Suggestions for Leaky Corner Showers

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A leaky corner shower can lead to mold and mildew problems in your bathroom. With some basic do-it-yourself work, the problem can likely be solved. More difficult leaks could require replacing the entire shower.

Pinpointing the Problem

  • Spend some time and figure out just where the water is coming from on your bathroom floor. When you see water on the floor near the shower or drips falling from a first-floor ceiling under a second-floor bathroom, that signals a leaky shower or bathtub.

    Figure out if the water is coming from one corner or a couple. Run the shower and monitor where the water flows and how the water gets onto the floor.

Caulk

  • In most cases, corner leaking from the shower can be solved by caulking the corners, running the caulk from the tile up the shower pan, or base, and, if so equipped, up to the shower doors. Use a caulking gun to put a bead of caulk along the corner but also along the shower pan where it sits on the tile. Once the caulk dries and there is a tight seal, test the shower again by running water.

    The leak could also be coming from a crack in the shower base. Check the shower base and caulk all along the base if a crack is discovered. Again, you want to have a tight seal when you are finished.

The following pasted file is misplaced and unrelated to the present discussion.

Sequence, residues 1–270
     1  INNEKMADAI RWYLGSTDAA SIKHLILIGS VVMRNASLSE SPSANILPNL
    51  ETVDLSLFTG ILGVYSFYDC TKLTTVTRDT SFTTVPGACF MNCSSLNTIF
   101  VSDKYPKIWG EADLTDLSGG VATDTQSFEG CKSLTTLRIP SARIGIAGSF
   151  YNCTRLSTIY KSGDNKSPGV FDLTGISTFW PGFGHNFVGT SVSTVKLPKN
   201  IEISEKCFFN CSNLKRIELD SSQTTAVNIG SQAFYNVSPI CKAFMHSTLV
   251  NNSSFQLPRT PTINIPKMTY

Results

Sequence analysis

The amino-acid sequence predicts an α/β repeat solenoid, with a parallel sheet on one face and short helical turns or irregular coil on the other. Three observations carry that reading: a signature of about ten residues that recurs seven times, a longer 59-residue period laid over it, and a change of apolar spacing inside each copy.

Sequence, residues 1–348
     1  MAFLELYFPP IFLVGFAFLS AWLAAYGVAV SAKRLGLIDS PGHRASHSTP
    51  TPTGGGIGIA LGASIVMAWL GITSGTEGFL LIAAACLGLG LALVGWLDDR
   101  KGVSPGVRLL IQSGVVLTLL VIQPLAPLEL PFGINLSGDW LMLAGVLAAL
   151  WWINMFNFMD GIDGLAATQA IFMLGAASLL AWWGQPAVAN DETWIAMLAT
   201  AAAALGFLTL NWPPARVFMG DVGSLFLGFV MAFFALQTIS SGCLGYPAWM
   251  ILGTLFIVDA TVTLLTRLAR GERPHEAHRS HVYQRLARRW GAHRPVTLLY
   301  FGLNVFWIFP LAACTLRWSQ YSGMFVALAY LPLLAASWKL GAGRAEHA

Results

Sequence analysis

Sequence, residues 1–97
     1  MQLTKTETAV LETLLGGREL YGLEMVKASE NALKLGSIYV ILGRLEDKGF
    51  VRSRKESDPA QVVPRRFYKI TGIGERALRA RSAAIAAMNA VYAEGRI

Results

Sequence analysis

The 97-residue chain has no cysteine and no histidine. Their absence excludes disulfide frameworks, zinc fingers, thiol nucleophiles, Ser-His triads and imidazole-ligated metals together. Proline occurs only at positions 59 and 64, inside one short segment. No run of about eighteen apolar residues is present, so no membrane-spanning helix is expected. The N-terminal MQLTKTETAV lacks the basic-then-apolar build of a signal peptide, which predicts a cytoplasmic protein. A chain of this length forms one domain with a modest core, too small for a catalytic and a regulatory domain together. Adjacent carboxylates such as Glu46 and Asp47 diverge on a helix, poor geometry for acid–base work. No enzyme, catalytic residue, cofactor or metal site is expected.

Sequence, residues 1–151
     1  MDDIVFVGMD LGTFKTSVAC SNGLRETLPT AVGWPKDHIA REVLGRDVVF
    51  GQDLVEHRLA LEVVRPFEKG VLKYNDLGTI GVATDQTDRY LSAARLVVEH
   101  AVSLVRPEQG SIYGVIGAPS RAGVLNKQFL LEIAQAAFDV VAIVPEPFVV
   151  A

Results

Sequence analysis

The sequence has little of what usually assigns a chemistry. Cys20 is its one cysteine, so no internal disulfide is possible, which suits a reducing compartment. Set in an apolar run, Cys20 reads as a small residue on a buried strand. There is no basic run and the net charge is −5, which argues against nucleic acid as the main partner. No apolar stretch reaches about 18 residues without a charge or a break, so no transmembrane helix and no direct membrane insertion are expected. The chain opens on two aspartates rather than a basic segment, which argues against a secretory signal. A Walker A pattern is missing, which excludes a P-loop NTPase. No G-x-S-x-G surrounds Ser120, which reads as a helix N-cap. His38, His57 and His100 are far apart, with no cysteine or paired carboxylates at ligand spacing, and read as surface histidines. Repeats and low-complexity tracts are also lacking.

Shower Pan

  • If caulking does not stop the leak, you may have a more serious problem on your hands. If the shower pan is leaking from the base, you will likely have to rip the entire shower out and rebuild, making things waterproof six inches up the shower walls. This can be beyond the comfort level of many do-it-yourselfers, so survey the scene and give it some thought before diving into such a project.

Lead Pans

  • In homes that are 35 or 40 years old, showers were typically built with lead pans at the base. These lead pans under the shower typically last a little more than 20 years, and they can deteriorate. If this is the case, it is better to tear the shower out and have it redone. Once again, you may want to consider getting a professional remodeler to tackle the job as it could be beyond a do-it-yourselfer's range of ability.

Another Test

  • If you still don't feel you have pinpointed the leak, remove the shower head, cap the shower arm and turn on the faucet. If there are any defects, know that the leak should be noticeable, but keep in mind water will follow the path of least resistance. Examine outside the shower while the spray is hitting the doors inside. If you are seeing leakage, the bottom of the doors need to be removed, cleaned and reset in silicone.

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